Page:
Thanks for your comment! To be honest, I cant claim any credit for this I just found it very natural and easy. I suppose I do talk to a lot of teenagers and writing non-fiction is so like talking. So I didnt manufacture a particular style, but just let myself write as if talking. (But editing a lot afterwards, obviously, because when I actually talk, I waffle!)
Really happy to have won as my daughter loves this book and has borrowed it from the library several times. I will be reading it when it arrives!
My question to Nicola: My dd is 13 and has been suffering from depression for about 9 months (we've got a CAMHS referral, but it's taking ages of course). Both my MIL and BIL have had quite serious depression throughout their adult lives. Could there be a genetic component to my dd's depression, and does this make it more likely that she's going to be suffering for the rest of her life too? Also, do girls sometimes benefit mood-wise from taking a contraceptive pill (though understand that this may be something that you can't comment on)?
Thank you, Rx
Hi Rosy and Im so sorry to hear about your daughter. Thats very distressing for you and her and is unfortunately very common.
Im not well-informed on medication for depression and you are right that I cant comment on whether taking a contraceptive pill would help your daughter; obviously it would alter hormones and of course hormones hugely affect our mood but as for depression specifically (which is more than mood), I just dont know.
Regarding the genetic link: even if there is a genetic element, its really important not to view it as a certain predictor. Even if we inherit certain genes, they may not be activated, and there is likely to be a complex combination of genes involved, as well as environmental or experiential factors. There would be a danger in expecting depression on the basis of a possible genetic link.
On the other hand, an advantage of suspecting a heightened genetic risk is that we can be more vigilant about early signs, and deal with them early. So it provides a greater understanding and self-awareness. I think the best thing is to become as informed as possible but also not to second-guess what will happen. Many people have their only bout of depression as teenagers and never suffer again. Could your daughter use the skills and intuition shell learn through dealing with her current depression to prevent future episodes, I wonder? Its entirely possible.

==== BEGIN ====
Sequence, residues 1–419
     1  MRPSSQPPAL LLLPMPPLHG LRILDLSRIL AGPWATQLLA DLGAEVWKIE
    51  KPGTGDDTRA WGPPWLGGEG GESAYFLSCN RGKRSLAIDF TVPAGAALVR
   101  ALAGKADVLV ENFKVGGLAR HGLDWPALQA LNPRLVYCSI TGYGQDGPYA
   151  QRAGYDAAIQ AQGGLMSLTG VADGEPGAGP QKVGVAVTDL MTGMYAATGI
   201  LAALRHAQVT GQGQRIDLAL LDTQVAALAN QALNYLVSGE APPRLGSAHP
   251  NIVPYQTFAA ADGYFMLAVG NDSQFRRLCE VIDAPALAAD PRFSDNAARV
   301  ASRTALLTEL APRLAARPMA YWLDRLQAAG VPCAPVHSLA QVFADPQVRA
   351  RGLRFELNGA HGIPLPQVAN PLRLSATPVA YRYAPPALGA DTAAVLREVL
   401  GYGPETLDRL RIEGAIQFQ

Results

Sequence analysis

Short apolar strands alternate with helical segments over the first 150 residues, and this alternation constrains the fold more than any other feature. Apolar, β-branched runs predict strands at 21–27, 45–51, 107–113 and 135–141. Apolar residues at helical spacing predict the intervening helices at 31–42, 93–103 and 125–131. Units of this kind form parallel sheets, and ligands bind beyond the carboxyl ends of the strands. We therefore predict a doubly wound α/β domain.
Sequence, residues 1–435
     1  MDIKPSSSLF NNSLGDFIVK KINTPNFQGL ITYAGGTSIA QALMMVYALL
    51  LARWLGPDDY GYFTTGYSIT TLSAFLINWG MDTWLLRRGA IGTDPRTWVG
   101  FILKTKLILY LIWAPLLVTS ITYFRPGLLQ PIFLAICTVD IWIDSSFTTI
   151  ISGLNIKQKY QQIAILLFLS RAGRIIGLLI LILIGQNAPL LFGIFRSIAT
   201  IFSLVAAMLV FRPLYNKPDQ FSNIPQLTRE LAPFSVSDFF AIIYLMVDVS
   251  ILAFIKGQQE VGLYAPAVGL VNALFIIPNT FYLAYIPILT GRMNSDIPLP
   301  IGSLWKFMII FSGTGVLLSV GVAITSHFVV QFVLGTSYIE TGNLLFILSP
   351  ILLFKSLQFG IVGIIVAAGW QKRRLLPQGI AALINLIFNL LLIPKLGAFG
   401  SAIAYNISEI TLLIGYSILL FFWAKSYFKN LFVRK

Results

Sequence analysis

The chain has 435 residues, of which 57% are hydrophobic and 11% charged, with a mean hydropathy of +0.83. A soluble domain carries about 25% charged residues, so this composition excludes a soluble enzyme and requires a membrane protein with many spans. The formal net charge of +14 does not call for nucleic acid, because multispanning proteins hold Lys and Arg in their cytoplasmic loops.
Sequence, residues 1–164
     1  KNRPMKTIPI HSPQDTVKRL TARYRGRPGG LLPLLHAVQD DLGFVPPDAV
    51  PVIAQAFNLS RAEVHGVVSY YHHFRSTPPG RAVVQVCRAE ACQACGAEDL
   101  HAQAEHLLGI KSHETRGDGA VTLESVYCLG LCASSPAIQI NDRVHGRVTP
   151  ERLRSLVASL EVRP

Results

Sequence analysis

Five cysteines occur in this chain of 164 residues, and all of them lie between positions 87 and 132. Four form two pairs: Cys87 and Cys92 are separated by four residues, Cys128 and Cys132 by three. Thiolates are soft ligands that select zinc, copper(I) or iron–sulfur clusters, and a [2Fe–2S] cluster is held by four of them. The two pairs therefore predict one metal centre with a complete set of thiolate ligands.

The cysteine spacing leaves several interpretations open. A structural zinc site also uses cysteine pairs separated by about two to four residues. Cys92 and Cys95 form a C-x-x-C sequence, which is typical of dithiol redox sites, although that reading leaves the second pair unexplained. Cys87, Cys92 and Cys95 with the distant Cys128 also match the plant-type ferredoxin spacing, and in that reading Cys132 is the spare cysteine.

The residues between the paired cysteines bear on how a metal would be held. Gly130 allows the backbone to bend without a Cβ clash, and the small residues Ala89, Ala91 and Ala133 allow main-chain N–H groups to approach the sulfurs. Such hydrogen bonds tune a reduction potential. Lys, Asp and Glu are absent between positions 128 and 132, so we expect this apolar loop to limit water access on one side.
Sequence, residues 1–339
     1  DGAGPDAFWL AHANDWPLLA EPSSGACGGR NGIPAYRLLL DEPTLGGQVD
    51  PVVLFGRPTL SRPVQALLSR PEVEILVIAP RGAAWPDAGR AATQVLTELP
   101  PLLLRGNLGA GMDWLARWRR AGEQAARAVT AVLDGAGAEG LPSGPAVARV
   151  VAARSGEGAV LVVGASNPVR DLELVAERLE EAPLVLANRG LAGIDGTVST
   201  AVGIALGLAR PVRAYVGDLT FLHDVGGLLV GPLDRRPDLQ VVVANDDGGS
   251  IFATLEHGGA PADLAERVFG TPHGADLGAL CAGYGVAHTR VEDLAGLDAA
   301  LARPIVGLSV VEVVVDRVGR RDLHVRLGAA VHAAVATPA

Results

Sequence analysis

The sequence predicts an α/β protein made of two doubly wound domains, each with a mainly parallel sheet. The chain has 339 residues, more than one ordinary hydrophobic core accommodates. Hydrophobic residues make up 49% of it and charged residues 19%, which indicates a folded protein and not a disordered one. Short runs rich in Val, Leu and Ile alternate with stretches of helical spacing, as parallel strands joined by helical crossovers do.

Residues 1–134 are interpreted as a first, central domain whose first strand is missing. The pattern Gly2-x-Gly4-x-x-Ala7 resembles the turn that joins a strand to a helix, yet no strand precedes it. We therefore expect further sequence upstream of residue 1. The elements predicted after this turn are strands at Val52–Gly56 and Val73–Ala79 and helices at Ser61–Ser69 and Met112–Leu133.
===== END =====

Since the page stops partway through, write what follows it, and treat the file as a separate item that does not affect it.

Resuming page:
So, yes, there could be a genetic component but this should not be regarded as a sentence or a certainty. Regard it as an opportunity to avoid bad episodes later by being forewarned.
As Spock might say - fascinating.
So question - when did the idea for the book pop into your own brain? Or had it been brewing for a while? Or was it suggested to you?
Well, Id been writing fiction and in 2003 one of my publishers, Walker books, asked if I fancied writing non-fiction. I said Id love to and they asked what I was interested in. I had just recently read some new research on the teenage brain (because Id been reading about the brain for years) and no one had written about it for teenagers so I suggested that, and my publisher jumped at the idea. Hooray!
We now have the answers back from Nicola, which I will be posting up shortly. Nicola has asked us to please thank the mumsnetters for all their lovely remarks, which didn't appear in the questions but which she did notice and appreciate.
I do understand what you mean but I don't think anyone would interprete it that way, membership. What do other people think?
Sadly that chapter is now the most relevant to me - as my daughter recently tried to throw herself in front of a car. Such a fragile age this can be.
Punkstheart, yes, but do you not think that teenagers reading this will think they can't be normal as they feel they have more than a little bit of the other gender hormone.
It's the use of 'normal' that hit me, 'typically' may have been a better choice.
I'm up to the depression, addiction and self harm chapter which I am finding very interesting.
Thanks for the opportunity to read this book. Im now half way through and Nicola has captured the teenage world and moods succinctly. Hoping that by the end of the book I will have greater understanding of my two teenage girls behaviours and moods. This book will have increased my knowledge on how to help them through these years.
Thanks Nicola enjoyable book with good explanation of brain development.
You are distorting what the author is saying, membership. It is simply stating that everyone - not matter what gender - has a small amount of 'other' gender hormones.
Oh bugger, I've missed the entry date now (due partly to teenage crisis last week). So a comment rather than a question - your emphasis on the teenage psychological need to take risks, combined with an inability to perceive risks for what they really are, really changed my attitude to my older children. I now encourage the DDs to do lots of adrenalin-type (supervised) activities such as climbing, canyoning, high ropes courses, etc, so they can learn to associate the adrenalin rush with sport and healthy activity rather than drinking/smoking/stealing/playing chicken on railway lines. So far it's working well! Thanks so much for that insight.
I'm nearly finished and found the chapter on risk taking very good.
I have read bits out to DS but he wants to read it when I'm finished.
Was a little taken aback by this bit...
The main sex hormones are testosterone (mostly in males) and oestrogen (mostly in females). Normal males will have a small amount of female hormones, and vice versa.
So if they have more than a little they aren't normal??? This is not the message teenagers want to hear.